In fact only about 7% of British businesses export to the EU27, and a fair percentage of those export only to the Republic of Ireland. Only about 30% of our exports go to the EU26, not counting Ireland, and that trade is at a massive deficit. Davis and May both want tariff-free access to the single market and are willing to carry on imposing a huge regulatory burden on the British economy in order to get it.

The world’s largest free trade area, by far, is NAFTA, of course.

What is needed is rational cost-benefit analysis. Tariff-free access to the single market isn’t in our economic interest, because Europeans buy so few of our goods and services. Our manufacturers, especially the car industry, would gain from import substitution as mutual tariffs kick in.

Happily the EU won’t agree tariff-free access without continued labour dumping, so we are likely to get a clean break after all. Tony Blair’s desperate attempt to get EU leaders to agree to limits on free movement is too little, too late. The time for concessions of that sort was when David Cameron was trying to negotiate a new deal. It was Blair’s agreement to uncontrolled labour dumping from Eastern Europe which helped undermine public support for membership, of course.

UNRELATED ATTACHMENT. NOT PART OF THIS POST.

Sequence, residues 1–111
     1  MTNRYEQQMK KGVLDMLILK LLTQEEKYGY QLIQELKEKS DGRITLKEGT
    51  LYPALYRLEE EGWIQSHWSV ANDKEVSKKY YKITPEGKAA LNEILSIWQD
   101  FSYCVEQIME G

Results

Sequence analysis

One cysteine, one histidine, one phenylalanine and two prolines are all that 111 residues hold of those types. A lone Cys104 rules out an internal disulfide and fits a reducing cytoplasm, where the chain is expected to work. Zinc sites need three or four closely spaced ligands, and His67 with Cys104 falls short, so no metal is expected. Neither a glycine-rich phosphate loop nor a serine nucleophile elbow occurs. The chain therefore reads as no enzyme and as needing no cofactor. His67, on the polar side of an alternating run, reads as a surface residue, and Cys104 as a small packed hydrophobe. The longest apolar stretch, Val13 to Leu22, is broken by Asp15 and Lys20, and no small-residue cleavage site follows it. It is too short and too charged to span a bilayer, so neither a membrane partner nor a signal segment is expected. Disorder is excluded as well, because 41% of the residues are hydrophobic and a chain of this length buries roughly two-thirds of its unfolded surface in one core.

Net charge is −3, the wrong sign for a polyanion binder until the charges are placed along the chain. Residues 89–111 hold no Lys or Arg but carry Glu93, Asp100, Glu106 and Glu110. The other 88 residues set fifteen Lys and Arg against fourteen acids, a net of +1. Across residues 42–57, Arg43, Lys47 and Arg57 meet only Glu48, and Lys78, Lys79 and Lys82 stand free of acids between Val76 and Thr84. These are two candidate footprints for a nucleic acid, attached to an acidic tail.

There are encouraging signs that the Henry VIII clauses will be voted down in the House of Lords by a coalition of Euronutters. Great. If the Henry VIII powers go, so too does the crazy plan to carry on burdening the British economy with pointless EU regulations, many of which are not enforced over in Europe.

The bill says nothing about community aliens and rightly so. There is a pointless provision in clause 9 about implementing a withdrawal agreement. If it reaches the statute book, which it probably will, it will be one of those constitutional curiosities – a statutory provision without purpose or meaning. Section 9, if enacted, would simply become redundant.

This is the answer of course to those Remoaners who are banging on about there being a Parliamentary majority for a ‘soft Brexit’, whatever that may mean. The key votes have already taken place, sanctioning both the referendum itself and Brexit, after that silly Supreme Court decision, no disrespect intended. There’s unlikely to be a vote on an agreement, as there’s unlikely to be an agreement to vote on!

The position of community aliens will be dealt with under separate legislation. Very few of their rights are covered by EU legislation having direct effect, which is why we have the domestic EEA Regulations. The EU’s demands are so outlandish (e.g. permanent ECJ jurisdiction over them) that there are unlikely to be reciprocal arrangements. This should save us another £60 billion or so a year, indeed perhaps more, as pension payments flowing out of the UK to pensioners abroad would be spent here.

Generous arrangements are all very well, but it’s the unemployed and the taxpayer who will foot the bill. The withdrawal bill should get through both houses, but may lose the Henry VIII clauses along the way, as there won’t be enough time to use the Parliament Acts.